Purchasing IPv4 space - due diligence homework


Side stepping a migration to IPv6 debate…. I’d like to hear advise from the group about performing due diligence research on an IPv4 block before purchasing it on the secondary market (on behalf of an end-user company). My research has branched into two questions: a) What ‘checks’ should I perform?, and b) what results from those checks should cause us to walk away?

My current list is:


While I think #3 is important, it depends on your use of the end-block, and those entries can sometimes be cleaned up with some work. If the block is listed, that would certainly lower my buying price I am willing to pay for the block. I did buy a block once in the ARIN region which showed up in IP geolocation databases as Russian (no idea why), but it took me quite a while to get it fixed.


I did all three above and still had issues. I am still having issues. I had to contact many people to get off of various blacklists, etc. These are lists that are not publish and you will not know until you start using the space.

Luckily, I have had great help from the list here in getting support and in some cases back-channel support.

The hard part is getting a hold of the right people.

For example:

Softlayer/IBM was initially blocking my ip space. But, it was not really them. It was NTT on behalf of Softlayer. The request has to come from Softlayer. That has been resolved. I honestly do not even know who to thank.

I am currently fighting the same issue with playstation.com. Akami is blocking access on behalf of Sony. The request has to come from Sony. After many emails with abuse@playstation, I am making headway. Problem is not solved yet, but I believe they are making headway. Luckly Akami open a ticket and told me what to tell the Sony NOC.

Right now, I am fighting some odd ball blocks. Several mobile banking sites. There is not even a support number. I am having to try and use the NOC/Abuse contacts via ARIN first and not having any luck. Try calling a bank and telling them that your are a network engineer and can not access their sites. That goes downhill pretty quick. If you can get past the first line of tech support it is a challenge. “Have you cleared your cookies? You need to call your ISP”, then you get a 2nd line person who basically blows you off.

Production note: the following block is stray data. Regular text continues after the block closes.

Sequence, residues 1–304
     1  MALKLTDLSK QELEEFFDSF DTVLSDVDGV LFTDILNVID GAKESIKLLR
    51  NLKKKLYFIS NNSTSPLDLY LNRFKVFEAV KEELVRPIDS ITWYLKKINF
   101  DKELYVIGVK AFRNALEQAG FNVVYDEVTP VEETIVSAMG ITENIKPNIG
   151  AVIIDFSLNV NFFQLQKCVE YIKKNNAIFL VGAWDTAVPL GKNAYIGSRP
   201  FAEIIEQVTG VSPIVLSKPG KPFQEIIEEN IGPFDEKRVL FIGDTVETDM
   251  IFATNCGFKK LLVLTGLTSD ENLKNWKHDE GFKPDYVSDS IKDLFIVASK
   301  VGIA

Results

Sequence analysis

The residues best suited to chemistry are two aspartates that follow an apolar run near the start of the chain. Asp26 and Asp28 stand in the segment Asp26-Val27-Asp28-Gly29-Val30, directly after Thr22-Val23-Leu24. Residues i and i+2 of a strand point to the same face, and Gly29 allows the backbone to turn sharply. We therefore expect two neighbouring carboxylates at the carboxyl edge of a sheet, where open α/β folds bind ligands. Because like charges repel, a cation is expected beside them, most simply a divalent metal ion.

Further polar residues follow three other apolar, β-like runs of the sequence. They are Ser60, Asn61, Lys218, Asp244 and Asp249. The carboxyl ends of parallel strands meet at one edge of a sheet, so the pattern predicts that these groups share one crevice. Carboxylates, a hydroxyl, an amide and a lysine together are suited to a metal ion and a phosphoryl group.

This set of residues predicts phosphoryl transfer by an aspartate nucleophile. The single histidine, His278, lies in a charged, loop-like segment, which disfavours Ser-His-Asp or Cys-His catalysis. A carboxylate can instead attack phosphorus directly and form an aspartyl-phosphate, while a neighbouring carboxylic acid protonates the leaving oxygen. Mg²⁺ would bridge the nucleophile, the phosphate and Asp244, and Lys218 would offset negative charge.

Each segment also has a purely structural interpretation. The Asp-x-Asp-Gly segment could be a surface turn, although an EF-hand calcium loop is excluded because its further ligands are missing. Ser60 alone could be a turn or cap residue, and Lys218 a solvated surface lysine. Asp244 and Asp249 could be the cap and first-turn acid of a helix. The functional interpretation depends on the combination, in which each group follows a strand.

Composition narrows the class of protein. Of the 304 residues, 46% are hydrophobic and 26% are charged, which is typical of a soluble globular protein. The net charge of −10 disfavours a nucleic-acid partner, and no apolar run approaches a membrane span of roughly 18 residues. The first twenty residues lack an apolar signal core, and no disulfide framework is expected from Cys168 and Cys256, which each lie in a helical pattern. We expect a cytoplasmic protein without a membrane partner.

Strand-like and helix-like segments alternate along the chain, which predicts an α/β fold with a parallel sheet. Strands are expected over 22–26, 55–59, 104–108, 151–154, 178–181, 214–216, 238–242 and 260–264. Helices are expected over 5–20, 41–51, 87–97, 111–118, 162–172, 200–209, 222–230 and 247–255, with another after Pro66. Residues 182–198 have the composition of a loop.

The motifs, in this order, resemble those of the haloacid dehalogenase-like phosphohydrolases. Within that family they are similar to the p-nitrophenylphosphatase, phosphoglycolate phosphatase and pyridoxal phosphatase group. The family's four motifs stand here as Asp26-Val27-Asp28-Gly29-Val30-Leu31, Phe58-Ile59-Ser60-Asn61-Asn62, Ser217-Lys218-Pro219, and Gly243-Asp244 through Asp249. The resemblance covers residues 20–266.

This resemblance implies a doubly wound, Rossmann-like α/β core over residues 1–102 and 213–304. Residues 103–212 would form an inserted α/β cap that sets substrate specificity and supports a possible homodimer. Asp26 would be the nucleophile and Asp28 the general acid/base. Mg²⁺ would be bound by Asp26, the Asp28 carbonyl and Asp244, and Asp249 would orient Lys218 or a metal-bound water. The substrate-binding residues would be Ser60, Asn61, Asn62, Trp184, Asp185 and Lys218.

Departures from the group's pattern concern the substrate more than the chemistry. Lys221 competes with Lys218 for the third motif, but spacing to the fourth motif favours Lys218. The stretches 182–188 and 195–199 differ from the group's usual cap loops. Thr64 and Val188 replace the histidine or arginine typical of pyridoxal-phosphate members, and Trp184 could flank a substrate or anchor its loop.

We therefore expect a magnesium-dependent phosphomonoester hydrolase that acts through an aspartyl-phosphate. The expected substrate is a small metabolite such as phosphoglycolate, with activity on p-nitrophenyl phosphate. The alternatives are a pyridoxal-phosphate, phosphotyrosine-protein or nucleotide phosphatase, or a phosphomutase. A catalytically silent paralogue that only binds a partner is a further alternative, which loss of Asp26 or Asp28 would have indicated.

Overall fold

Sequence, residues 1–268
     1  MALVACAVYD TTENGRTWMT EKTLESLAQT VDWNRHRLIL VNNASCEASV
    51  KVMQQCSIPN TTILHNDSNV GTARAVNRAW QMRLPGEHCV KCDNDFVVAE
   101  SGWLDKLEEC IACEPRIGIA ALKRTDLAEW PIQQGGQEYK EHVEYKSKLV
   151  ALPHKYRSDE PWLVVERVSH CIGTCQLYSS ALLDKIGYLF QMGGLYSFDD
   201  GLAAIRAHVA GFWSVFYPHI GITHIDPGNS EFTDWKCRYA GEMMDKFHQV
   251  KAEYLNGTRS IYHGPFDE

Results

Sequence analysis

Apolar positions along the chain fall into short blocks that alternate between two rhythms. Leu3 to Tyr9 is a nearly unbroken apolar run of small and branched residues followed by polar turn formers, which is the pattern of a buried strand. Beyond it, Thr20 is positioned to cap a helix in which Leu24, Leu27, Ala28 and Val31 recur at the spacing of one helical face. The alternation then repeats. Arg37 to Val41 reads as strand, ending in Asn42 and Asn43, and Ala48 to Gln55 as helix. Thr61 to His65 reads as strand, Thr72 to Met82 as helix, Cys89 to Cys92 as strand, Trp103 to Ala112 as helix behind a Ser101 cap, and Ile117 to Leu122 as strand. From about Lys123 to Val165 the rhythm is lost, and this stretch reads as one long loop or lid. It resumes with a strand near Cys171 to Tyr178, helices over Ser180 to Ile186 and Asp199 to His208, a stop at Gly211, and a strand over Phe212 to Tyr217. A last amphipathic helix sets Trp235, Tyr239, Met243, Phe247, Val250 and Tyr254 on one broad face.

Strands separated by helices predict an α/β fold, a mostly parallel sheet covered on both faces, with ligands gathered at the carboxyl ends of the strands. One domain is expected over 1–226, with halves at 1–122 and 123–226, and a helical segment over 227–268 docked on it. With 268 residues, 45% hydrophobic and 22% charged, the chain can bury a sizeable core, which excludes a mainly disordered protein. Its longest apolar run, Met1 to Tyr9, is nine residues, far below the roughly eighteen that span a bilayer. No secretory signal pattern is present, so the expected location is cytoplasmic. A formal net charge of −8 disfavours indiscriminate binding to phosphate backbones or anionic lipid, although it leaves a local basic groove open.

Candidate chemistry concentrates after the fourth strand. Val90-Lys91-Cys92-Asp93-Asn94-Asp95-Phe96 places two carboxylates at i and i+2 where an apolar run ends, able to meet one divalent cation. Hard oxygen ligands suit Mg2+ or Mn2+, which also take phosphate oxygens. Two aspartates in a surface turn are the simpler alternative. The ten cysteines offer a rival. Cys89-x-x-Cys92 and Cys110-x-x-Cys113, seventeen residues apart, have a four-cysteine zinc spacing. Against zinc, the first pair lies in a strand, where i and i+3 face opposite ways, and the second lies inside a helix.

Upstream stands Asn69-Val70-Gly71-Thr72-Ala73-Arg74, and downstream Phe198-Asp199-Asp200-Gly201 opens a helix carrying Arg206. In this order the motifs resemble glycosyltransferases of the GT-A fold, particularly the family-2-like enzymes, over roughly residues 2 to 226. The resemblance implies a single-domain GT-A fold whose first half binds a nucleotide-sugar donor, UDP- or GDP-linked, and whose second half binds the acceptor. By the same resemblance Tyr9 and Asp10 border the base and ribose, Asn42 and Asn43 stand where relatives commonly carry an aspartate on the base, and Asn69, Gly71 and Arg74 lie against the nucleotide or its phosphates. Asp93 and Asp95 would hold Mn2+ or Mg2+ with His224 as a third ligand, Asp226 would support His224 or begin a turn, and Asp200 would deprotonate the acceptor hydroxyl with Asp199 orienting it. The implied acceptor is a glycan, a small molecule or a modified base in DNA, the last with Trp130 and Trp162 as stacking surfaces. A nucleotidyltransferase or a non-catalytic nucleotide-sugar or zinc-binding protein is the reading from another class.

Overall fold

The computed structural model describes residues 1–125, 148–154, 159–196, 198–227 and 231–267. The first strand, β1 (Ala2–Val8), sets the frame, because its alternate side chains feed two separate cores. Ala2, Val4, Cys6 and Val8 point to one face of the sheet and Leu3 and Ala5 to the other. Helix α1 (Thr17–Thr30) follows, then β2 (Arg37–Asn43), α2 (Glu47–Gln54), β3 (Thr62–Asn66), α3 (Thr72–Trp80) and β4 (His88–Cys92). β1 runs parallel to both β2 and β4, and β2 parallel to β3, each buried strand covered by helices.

Here is the thing. You will have problems. Just be prepared to make lots of phone calls and send lots of emails. Once you get to the right person, things can get a moving.


My experience has been quite different and quite a bit better. One of the things I paid attention to was whom the previous owner of the block was, what sort of company they were, and hence what their likely use case was. I have purchased/deployed a few /23s so far and have yet to run into any issues with blacklists. Some of the space I’ve purchased came from a small-town ISP which was acquired, and some came from newly-defunct retail-sector organizations. I stayed away from anything that had been associated with any sort of hosting, or that seemed to have been leased out in the past, etc. You can often check historical routing tables to see if more than one AS has announced the space in the past X number of years to identify blocks that have been leased around, and that’s one other component you might want to consider looking at. But ultimately I think my best tactic has been to just check out the organization I’m acquiring it from and make sure they’ve owned it since the beginning via ARIN records. Dealing with a reputable broker is probably a good start, too. I’ve had no issues working with Hilco.

Good luck!

SORBS isn't the only place to check. As an example, if Spamhaus doesn't have
nice things to say about the block, it's time to start asking questions....

http://www.anti-abuse.org/multi-rbl-check/ has a fairly good list of
places that could give your customer a bad time (whether or not the
listing is deserved - the point is that being listed anywhere there will
probably mean problems that have to be cleaned up)

You may all now begin the religious war over where else to check.

I used this gentleman’s Powershell script and modified it slightly to check a block last summer. The broker we were using said that they also did their due diligence on the addresses, but I wanted to do our own because of the cost of the IPs.


We worked with the Brander Group as a broker. They were great and have since launched a portal/storefront I believe.

Kind regards,